Series: Sears Parenting Library

Series by cover

1–6 of 14 ( next | show all )

Works (14)

The A.D.D. Book: New Understandings, New Approaches to Parenting Your Child by William Sears
The Attachment Parenting Book : A Commonsense Guide to Understanding and Nurturing Your Baby by William Sears
The Baby Book: Everything You Need to Know About Your Baby from Birth to Age Two by William Sears
The Baby Sleep Book: The Complete Guide to a Good Night's Rest for the Whole Family by William Sears
The Birth Book: Everything You Need to Know to Have a Safe and Satisfying Birth by William Sears
The Breastfeeding Book: Everything You Need to Know About Nursing Your Child from Birth Through Weaning by Martha Sears
The Discipline Book: How to Have a Better-Behaved Child From Birth to Age Ten by Martha Sears
The Family Nutrition Book: Everything You Need to Know About Feeding Your Children - From Birth through Adolescence by William Sears
The Fussy Baby Book : Parenting Your High-Need Child From Birth to Age Five by William Sears
Ndd Book: How Nutrition Deficit Disorder Affects Your Child's Learning, Behavior by William Sears
The Pregnancy Book: Month-by-Month, Everything You Need to Know From America's Baby Experts by William Sears
The Premature Baby Book: Everything You Need to Know About Your Premature Baby from Birth to Age One (Sears Parenting Library) by William Sears
The Successful Child: What Parents Can Do to Help Kids Turn Out Well by William Sears
The Vaccine Book: Making the Right Decision for Your Child by Robert Sears

Related tags


  1. The Womanly Art of Breastfeeding by La Leche League International (1976)
  2. The No-Cry Sleep Solution: Gentle Ways to Help Your Baby Sleep Through the Night by Elizabeth Pantley (2002)
  3. Becoming a Father: How to Nurture and Enjoy Your Family (Sears, William, Growing Family Series.) by William Sears (1986)
  4. The Nursing Mother's Companion by Kathleen Huggins (1986)
  5. Nighttime Parenting: How to Get Your Baby and Child to Sleep by William Sears (1985)
  6. Adventures in Tandem Nursing: Breastfeeding During Pregnancy and Beyond by Hilary Flower (2003)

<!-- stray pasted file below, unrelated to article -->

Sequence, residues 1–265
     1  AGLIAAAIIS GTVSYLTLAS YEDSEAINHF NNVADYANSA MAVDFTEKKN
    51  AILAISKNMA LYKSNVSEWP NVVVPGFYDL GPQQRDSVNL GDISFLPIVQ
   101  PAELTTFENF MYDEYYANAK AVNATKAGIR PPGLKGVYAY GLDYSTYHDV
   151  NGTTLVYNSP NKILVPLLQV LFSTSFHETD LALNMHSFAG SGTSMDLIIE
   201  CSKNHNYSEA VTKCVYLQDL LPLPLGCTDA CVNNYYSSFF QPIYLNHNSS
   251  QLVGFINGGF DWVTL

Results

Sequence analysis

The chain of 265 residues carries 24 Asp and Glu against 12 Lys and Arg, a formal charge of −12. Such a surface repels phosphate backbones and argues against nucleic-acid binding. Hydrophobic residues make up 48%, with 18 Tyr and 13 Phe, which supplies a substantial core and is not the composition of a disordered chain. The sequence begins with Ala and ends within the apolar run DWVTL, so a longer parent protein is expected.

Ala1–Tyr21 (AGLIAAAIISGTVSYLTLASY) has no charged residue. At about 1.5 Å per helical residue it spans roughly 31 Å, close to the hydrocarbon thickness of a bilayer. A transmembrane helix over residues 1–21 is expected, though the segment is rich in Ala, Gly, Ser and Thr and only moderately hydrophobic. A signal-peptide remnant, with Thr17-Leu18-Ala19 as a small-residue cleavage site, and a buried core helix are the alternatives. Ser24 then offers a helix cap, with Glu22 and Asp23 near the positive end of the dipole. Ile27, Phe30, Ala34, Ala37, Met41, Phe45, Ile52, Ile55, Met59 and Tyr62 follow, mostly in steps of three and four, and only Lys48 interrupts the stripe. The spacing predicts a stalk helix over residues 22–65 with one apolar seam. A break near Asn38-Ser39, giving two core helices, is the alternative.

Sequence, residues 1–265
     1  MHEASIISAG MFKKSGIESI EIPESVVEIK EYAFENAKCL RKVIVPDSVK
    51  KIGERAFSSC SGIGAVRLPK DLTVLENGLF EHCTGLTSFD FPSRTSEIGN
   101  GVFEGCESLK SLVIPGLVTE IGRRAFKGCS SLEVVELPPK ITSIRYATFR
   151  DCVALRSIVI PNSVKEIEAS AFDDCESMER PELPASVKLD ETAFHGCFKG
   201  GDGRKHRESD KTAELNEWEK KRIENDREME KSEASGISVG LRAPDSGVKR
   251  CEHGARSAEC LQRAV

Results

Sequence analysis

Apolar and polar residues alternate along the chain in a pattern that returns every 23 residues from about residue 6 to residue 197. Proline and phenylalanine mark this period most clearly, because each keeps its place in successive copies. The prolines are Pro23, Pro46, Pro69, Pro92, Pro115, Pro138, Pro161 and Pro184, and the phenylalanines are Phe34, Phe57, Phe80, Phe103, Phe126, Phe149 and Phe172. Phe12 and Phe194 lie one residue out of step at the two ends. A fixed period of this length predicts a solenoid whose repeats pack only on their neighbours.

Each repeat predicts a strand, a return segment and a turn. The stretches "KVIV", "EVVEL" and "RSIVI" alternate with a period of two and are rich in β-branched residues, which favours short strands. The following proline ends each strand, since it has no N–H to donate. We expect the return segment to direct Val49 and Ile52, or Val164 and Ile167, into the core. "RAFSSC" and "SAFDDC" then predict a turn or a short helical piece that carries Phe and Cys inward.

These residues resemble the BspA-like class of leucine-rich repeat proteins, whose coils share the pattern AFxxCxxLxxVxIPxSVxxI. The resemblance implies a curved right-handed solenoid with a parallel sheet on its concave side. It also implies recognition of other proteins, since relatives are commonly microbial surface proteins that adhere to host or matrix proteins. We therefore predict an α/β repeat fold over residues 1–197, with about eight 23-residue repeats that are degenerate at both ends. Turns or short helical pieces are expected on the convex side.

7. Mothering Your Nursing Toddler by Norma J. Bumgarner (1982)
  8. How Weaning Happens by Diane Bengson (1999)
  9. Attachment Parenting: Instinctive Care for Your Baby and Young Child by Katie Allison Granju (1999)
  10. The Ultimate Breastfeeding Book of Answers: The Most Comprehensive Problem-Solving Guide to Breastfeeding from the Foremost Expert in North America, Revised & Updated Edition by Jack Newman M.D. (2000)
  11. Ina May's Guide to Childbirth by Ina May Gaskin (2003)
  12. The Thinking Woman's Guide to a Better Birth by Henci Goer (1999)
  13. Sleeping with Your Baby: A Parent's Guide to Cosleeping by James J. McKenna (2007)
  14. Our Babies, Ourselves: How Biology and Culture Shape the Way We Parent by Meredith Small (1998)
  15. Nursing Mother, Working Mother: The Essential Guide for Breastfeeding and Staying Close to Your Baby After You Return to Work by Gale Pryor (1997)

Series description


How do series work?

To create a series or add a work to it, go to a "work" page. The "Common Knowledge" section now includes a "Series" field. Enter the name of the series to add the book to it.

Works can belong to more than one series. In some cases, as with Chronicles of Narnia, disagreements about order necessitate the creation of more than one series.

Tip: If the series has an order, add a number or other descriptor in parenthesis after the series title (eg., "Chronicles of Prydain (book 1)"). By default, it sorts by the number, or alphabetically if there is no number. If you want to force a particular order, use the | character to divide the number and the descriptor. So, "(0|prequel)" sorts by 0 under the label "prequel."

What isn't a series?

Series was designed to cover groups of books generally understood as such (see Wikipedia: Book series). Like many concepts in the book world, "series" is a somewhat fluid and contested notion. A good rule of thumb is that series have a conventional name and are intentional creations, on the part of the author or publisher. For now, avoid forcing the issue with mere "lists" of works possessing an arbitrary shared characteristic, such as relating to a particular place. Avoid series that cross authors, unless the authors were or became aware of the series identification (eg., avoid lumping Jane Austen with her continuators).

Also avoid publisher series, unless the publisher has a true monopoly over the "works" in question. So, the Dummies guides are a series of works. But the Loeb Classical Library is a series of editions, not of works.


dobratzp (14)
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